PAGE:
A former solicitor-advocate who claimed he could not walk without help – but was then spotted driving a miniature train – has been sentenced for benefit fraud.
Alan Blacker, who also goes by the name Lord Harley, was found to have dishonestly claimed disability living allowance for five years, stealing more than £23,000 from the taxpayer.
Blacker, from Rochdale, had claimed he was unable to walk without physical support, required personal care from another person day and night, could only be left safely for 15 minutes at a time and could not manage steps or stairs.
But video and surveillance footage collected by prosecutors found him driving miniature locomotives and getting on and off with apparent ease. He also took part in first-aid courses which required bending, kneeling, lifting and standing for significant periods, and represented a defendant at Cardiff Crown Court which involved walking up a significant number of steps with no apparent difficulty.
Blacker, struck off in 2016, was found guilty last November following a trial at Manchester Crown Court of making a false representation to obtain a benefit. The jury failed to reach a verdict on a further count of dishonestly failing to notify a change in circumstances.
He was sentenced last week at Manchester Crown Court to nine months in prison, suspended for a year.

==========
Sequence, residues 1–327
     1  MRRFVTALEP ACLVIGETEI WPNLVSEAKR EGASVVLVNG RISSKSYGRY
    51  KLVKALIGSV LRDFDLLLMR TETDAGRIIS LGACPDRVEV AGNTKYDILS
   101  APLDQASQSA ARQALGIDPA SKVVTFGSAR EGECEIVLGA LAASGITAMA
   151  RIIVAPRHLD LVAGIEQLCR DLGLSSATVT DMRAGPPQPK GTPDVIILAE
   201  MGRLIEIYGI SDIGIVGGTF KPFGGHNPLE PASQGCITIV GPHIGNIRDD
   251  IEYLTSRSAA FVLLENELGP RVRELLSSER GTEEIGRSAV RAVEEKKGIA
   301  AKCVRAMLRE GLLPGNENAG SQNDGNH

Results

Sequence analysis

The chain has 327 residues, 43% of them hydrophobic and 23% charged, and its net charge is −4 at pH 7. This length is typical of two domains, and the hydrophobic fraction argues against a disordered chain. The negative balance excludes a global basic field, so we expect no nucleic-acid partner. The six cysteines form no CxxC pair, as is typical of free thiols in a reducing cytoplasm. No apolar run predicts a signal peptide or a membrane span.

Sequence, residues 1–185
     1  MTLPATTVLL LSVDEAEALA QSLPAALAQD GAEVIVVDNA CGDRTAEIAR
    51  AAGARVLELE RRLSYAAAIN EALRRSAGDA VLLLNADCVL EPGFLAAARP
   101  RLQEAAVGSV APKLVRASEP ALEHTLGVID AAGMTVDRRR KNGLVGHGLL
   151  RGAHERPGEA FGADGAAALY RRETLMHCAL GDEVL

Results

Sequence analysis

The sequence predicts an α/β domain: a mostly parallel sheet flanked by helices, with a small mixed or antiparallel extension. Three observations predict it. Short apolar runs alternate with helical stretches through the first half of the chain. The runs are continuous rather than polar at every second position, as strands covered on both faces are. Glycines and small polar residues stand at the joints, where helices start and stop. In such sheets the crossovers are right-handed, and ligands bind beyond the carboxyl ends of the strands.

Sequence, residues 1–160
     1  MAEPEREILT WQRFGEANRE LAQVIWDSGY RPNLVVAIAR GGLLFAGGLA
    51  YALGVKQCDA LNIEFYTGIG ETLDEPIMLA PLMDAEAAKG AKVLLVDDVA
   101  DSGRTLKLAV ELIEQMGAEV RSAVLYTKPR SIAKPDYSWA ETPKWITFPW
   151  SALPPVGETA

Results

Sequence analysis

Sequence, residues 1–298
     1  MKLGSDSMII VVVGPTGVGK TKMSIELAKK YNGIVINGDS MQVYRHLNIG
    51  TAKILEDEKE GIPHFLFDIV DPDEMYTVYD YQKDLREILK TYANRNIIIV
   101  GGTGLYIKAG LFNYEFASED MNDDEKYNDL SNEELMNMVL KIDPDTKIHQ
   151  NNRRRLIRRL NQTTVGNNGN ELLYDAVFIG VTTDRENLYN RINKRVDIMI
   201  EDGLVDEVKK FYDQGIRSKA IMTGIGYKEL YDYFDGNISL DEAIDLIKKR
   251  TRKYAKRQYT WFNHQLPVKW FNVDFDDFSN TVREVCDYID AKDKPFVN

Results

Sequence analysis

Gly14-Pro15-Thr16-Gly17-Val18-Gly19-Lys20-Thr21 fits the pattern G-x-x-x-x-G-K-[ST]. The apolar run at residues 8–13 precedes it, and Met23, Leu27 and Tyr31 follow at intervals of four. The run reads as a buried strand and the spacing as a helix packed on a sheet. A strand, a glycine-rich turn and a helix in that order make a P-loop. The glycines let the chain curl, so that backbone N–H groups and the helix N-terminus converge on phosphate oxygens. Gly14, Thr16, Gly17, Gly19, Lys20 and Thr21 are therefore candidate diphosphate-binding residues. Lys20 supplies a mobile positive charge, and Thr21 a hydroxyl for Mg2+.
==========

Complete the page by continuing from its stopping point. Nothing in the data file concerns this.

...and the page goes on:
Rob Girvan, of the CPS Mersey Cheshire Fraud Unit, said: ‘At one point during this investigation, Alan Blacker was working as an advocate in Cardiff Crown Court, moving around the building with ease and climbing stairs, while claiming benefits aimed at people who are “virtually unable to walk”.
‘He had several hobbies and interests, most of them requiring a degree of mobility which he said he didn’t have.’
Blacker came to national attention in 2014 when he was criticised for his appearance by a judge, who told him the solicitor-advocate appearing before the court looked like ‘something out of Harry Potter’.
He was subsequently charged by the SRA with misconduct after it emerged he had falsely claimed to have academic and other qualifications, including a knighthood and a ranking position in St John Ambulance. He did not attend the tribunal hearing that resulted in his striking-off, citing ill health.